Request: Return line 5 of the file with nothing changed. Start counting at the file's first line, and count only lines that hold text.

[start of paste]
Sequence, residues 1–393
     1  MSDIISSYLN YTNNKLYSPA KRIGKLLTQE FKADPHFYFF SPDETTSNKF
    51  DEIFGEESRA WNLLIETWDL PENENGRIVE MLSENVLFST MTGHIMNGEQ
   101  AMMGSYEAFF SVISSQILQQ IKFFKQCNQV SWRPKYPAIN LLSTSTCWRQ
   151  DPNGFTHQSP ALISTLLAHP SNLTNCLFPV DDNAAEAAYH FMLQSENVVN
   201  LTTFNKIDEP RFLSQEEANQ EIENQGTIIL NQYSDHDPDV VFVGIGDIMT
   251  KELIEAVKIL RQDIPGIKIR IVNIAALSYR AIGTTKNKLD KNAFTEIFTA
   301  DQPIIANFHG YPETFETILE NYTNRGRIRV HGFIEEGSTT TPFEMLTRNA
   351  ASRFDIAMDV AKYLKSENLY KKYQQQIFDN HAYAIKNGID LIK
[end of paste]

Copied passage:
   151  DPNGFTHQSP ALISTLLAHP SNLTNCLFPV DDNAAEAAYH FMLQSENVVN